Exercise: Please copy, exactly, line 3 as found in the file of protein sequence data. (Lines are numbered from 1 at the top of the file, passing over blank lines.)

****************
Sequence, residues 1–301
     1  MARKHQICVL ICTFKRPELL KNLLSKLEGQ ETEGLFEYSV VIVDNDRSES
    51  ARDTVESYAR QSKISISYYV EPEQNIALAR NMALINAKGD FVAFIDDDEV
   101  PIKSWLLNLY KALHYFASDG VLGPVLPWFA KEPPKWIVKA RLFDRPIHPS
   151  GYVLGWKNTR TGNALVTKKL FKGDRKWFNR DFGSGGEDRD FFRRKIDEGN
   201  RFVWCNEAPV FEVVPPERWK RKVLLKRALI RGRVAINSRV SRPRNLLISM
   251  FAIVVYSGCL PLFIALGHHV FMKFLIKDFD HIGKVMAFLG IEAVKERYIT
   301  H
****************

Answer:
    51  ARDTVESYAR QSKISISYYV EPEQNIALAR NMALINAKGD FVAFIDDDEV